The Lamborghini name is a synonim of rebellion, as far as I’m concerned. Just like with Ferrari, I will try to give you a very small yet complete review of the italian brand, often portrayed as Ferrari’s nemesis. If you want to know more and get really into the details, I suggest you further your research and check-out books and specialized websites/sources!
The whole story started back in 1951. Ferruccio Lamborghini was an industrial businessman that owned a very prosperous tractor company. As any sucessful and passionate man would do, he bought a few sports cars from the day, including a few Ferrari and Maserati. The story goes that unsatisfied with his cars that kept having mechanical problems, and seeing how Enzo Ferrari “il commendatore” didn’t seem to care much and looked down on him, Ferruccio decided to respond in the best possible way: by creating his OWN car company.
Thus in 1963 Automobili Lamborghini was founded, and its headquarters are located in Sant’Agatha Bolognese. And thus began one of the most well-known automobile rivalry in the world. One of the most particular things about the brand is how it names its models: all cars are named after fierce raging bulls. The wink at the tauromachy and “spanish corrida” world is very high. I find that absolutely cool (though I’m not a fan of corridas and disapprove of it): naming a car after a ferocious bull that earned its name with a good fight.
That being said, this rivalry is purely geographical and to fuel our passion, if you ask me. Lambo never attacked Ferrari on its turf (aka the racing grounds) and never had a history in mechanical sports (which is something that is often said they lack). That being said, they “merely” took a big chunk of the luxury sports car market (which kind of pissed-off the firm from Maranello, which is totally understandable). Back in 1971 the firm sold its tractor assets to ONLY work on cars. In 1998, there was a big change: the company was bought by the Volkswagen group, a german giant that owns several other brands (including Audi).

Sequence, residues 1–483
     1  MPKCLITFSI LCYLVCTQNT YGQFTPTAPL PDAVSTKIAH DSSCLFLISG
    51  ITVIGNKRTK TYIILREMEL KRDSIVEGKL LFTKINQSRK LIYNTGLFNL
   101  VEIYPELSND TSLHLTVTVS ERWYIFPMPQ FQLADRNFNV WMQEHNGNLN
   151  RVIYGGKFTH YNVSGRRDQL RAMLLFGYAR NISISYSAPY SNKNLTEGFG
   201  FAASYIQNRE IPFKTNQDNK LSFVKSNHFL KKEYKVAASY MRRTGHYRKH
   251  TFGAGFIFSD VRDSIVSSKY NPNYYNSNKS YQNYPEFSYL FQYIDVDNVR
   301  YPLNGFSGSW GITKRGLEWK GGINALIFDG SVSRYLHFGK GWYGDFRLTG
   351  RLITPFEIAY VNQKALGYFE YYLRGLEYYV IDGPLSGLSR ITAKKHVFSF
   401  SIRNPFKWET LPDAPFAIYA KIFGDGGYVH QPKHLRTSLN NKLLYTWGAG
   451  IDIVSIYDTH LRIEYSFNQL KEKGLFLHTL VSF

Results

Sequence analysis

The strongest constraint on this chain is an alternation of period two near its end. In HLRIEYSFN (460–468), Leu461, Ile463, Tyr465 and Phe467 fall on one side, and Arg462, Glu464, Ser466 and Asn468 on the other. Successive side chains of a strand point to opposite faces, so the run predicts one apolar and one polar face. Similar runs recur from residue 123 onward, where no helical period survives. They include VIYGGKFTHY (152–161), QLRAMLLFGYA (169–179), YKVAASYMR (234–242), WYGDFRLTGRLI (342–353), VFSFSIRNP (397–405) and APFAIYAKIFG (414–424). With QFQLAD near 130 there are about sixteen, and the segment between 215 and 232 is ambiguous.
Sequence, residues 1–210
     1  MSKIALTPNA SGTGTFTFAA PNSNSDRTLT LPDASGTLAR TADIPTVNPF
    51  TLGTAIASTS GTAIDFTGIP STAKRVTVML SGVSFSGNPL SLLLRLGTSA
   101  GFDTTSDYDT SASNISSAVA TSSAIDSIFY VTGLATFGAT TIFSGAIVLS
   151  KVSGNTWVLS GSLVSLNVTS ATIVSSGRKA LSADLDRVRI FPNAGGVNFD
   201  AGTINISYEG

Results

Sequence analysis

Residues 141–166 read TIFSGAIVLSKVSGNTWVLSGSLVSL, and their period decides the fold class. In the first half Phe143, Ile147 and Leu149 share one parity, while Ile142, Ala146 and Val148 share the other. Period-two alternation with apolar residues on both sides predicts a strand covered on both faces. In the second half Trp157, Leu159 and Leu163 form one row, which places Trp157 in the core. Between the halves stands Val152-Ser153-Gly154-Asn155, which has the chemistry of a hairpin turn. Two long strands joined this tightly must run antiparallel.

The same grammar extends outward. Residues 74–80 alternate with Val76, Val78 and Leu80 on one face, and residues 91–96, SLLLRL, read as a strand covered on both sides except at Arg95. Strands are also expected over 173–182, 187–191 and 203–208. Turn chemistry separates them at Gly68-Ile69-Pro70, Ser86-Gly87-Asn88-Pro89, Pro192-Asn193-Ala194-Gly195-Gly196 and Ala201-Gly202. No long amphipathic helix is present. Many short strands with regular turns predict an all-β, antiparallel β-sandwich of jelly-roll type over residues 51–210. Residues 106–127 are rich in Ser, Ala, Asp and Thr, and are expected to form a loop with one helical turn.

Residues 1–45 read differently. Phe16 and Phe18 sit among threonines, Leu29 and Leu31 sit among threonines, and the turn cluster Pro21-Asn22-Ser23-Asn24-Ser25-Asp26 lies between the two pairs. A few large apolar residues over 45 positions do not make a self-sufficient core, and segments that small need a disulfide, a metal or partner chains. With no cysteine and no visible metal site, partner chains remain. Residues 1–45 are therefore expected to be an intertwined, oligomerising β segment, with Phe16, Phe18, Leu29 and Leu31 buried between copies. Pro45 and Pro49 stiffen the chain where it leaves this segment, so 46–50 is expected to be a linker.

The story of the italian car-maker took a whole other dimension when the Lamborghini Miura came out, in 1966 (Lambo did a 50th anniversary Miura Tour in 2016). The Lamborghini Miura is said to be THE first “supercar” of the golden era, and recognized as such. To this day, it remains an icon, and represents all of the avant-garde design & skills of the former tractor builder. Automobili Lamborghini also were the ones behind the GALLARDO, one of the most-selled sports cars in the world (with over 13000 units) with the longest production run (over 10 years). The Gallardo is a symbol of the health of the brand. Many other iconic models came out of the factory of Sant’Agatha Bolognese: the Gallardo, the Murciélago, the Aventador.
Nowadays owning a Lamborghini is a whole way of life. It’s hard to tell why some owners prefer the raging bull to the prancing horse. It might just be a preference thing after all, it’s all subjective and to each their own (also, it’s not unheard of people owning cars from both brands – best of both worlds, right?). Though I’ve heard stories of a completely different atmosphere, less selective, less elitist, more welcoming. It’s like that famous quote from Frank Sinatra (but did he *really* say that?): “You buy a Ferrari when you want to be somebody. You buy a Lamborghini when you are somebody”.
It seems like nowadays Lamborghini is in a whole other dimension and has a very interesting business plan. They seem to be into making limited-edition models, more and more. For me it all started with the Aventador Jota, a unique model. Then came the Veneno & the Veneno roadster, the Egoista, the Centenario… and I’m fairly certain we’ll have more and more. Exclusive cars like this are usually ALL sold very quickly, before even the general public knows about it. Which shows how well the brand is doing, and how high the interest is.